Shonai fu is especially good in miso soup. It may be broken or cut into small pieces or strips and added dry to the soup. For an "instant" miso soup, simply bring a small piece of kombu, water, and several bite-sized pieces of shonai fu to a simmer. Remove the kombu, simmer the fu 1-2 minutes, then season to taste with your favorite miso. Garnish with slivered green onion, if desired.

For a quick and easy alternative to main course vegetable pies, use reconstituted shonai fu instead of a crust (see Squash "Pie" recipe). The texture will be different, but the results are just as delicious, and you'll be adding high-quality protein while avoiding the high fat content of most piecrusts.


Squash "Pie" with Sweet and Savory Onion Topping

Serves 6

3 sheets shonai fu


1 teaspoon sesame oil
1 large butternut squash, peeled, seeded, and cut into bite-sized chunks
pinch sea salt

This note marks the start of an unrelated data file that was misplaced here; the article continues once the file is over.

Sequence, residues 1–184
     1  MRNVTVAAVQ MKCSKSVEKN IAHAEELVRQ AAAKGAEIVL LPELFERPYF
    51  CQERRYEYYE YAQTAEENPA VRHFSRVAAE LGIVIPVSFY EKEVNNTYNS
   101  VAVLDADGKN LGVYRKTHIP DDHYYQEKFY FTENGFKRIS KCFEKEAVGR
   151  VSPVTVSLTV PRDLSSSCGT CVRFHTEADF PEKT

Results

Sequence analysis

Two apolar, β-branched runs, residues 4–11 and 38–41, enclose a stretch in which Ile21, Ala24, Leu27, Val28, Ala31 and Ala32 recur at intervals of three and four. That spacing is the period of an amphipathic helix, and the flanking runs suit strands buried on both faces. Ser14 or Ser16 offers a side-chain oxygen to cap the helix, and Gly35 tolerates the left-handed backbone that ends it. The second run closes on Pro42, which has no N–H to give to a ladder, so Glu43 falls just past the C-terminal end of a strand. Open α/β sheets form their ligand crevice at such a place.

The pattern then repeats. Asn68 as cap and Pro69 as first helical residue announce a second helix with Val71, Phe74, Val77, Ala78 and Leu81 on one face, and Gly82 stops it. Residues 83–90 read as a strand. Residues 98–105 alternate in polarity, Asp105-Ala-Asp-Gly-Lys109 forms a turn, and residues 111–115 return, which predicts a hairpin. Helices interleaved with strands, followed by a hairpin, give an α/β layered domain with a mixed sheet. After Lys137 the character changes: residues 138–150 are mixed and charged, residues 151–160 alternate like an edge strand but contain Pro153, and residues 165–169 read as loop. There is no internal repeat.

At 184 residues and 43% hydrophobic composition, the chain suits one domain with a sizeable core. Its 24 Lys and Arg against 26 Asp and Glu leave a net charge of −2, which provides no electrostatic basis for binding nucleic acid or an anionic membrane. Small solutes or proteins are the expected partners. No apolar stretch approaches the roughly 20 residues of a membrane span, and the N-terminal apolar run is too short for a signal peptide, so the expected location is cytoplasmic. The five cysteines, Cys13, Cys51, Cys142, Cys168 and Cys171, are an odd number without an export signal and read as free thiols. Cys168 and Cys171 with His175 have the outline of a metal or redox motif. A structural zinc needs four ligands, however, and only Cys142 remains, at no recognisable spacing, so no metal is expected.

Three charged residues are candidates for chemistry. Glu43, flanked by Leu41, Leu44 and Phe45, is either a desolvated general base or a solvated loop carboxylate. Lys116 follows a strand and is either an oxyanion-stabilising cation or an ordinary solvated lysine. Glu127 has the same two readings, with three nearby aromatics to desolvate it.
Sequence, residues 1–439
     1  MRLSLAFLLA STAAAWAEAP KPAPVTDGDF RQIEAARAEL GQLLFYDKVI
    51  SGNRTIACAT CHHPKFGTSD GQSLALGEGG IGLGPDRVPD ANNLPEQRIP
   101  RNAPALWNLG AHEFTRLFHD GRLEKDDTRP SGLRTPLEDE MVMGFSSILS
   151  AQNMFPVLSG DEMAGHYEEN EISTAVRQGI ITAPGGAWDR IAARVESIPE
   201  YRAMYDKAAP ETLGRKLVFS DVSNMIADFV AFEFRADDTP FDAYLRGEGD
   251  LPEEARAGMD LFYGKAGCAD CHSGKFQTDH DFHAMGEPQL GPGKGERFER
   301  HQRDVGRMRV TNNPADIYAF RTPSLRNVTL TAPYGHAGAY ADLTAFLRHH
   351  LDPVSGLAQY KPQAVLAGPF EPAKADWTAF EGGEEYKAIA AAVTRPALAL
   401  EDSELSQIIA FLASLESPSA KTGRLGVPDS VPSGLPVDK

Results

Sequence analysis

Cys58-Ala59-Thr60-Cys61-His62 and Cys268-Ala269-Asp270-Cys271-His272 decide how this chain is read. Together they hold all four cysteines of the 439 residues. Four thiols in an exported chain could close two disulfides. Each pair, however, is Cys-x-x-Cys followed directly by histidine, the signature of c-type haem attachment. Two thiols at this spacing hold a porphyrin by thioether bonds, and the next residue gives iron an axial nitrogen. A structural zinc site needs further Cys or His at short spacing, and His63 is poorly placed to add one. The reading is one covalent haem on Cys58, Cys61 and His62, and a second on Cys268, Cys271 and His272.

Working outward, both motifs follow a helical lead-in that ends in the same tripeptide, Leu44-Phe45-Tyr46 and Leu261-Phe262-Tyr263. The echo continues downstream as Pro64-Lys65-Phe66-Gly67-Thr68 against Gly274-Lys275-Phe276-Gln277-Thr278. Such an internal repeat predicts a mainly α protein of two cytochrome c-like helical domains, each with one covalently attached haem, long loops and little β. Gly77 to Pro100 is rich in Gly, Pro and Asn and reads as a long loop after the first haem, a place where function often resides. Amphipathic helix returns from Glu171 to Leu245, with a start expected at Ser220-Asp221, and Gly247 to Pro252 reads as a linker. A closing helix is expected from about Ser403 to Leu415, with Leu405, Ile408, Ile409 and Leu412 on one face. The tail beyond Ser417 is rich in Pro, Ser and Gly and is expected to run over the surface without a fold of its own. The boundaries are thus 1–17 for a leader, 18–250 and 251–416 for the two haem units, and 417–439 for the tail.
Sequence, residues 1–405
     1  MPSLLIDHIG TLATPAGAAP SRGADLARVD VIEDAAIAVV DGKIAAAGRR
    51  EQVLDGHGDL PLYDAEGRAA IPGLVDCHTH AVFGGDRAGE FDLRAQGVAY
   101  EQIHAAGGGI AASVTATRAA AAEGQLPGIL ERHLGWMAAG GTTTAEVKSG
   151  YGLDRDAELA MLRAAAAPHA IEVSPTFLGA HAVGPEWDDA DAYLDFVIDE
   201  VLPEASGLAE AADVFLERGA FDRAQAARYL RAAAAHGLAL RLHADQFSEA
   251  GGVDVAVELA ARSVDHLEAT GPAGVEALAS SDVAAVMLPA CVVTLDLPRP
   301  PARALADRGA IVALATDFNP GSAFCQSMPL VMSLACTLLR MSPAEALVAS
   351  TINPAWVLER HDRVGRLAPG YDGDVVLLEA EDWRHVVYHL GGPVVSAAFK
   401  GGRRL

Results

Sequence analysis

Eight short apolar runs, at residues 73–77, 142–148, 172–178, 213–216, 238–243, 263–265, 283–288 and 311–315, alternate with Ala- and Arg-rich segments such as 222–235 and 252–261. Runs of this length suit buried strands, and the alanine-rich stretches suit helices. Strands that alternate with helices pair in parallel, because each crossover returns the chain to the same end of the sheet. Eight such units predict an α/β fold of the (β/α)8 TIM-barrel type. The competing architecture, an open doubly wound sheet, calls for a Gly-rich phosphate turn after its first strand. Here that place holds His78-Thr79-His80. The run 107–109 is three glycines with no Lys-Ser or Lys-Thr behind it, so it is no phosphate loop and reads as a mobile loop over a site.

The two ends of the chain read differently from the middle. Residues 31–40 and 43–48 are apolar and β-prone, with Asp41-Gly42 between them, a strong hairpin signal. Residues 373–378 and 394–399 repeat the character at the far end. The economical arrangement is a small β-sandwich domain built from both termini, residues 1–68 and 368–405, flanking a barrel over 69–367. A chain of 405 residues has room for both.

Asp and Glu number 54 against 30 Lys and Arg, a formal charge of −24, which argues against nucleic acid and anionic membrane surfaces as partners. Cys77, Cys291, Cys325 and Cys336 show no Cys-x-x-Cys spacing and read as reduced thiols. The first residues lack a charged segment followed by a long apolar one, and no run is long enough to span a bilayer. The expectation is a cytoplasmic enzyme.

½ teaspoon ginger juice


2 large onions, thinly sliced
1 teaspoon sesame oil
pinch sea salt
3 tablespoons white miso
3 tablespoons mirin
parsley or watercress sprigs for garnish

Soak the fu until thoroughly softened (5-10 minutes). Gently squeeze out excess water and line an 8-inch-square baking pan with the fu.

Heat the oil in a large skillet, add the squash and a small pinch of salt and sauté briefly. Add water to cover the bottom of the pan, lower heat, cover, and simmer until completely tender (about 20 minutes). Check occasionally and add a little more water if necessary. When the thickest pieces are easily pierced with a fork or skewer, add the ginger juice and toss. Mash until smooth with a potato masher or put through a food mill. The filling should have the consistency of mashed potatoes or be slightly wetter. If too dry, add a little water or rice "milk". If too wet, add 1 tablespoon arrowroot dissolved in 1 tablespoon cold water. Spread the squash evenly over the fu.

Meanwhile, sauté the onions in sesame oil until translucent. Toss in a pinch of salt, cover, and cook 20 minutes over low heat. (Long cooking makes the onions very sweet.) Combine the miso and mirin, add the mixture to the onions, toss, and simmer 1 minute. Spread the onion topping over the squash.

Bake at 350° F for 25-30 minutes. Slice and serve garnished with sprigs of parsley or watercress.

Fu-Bean Soup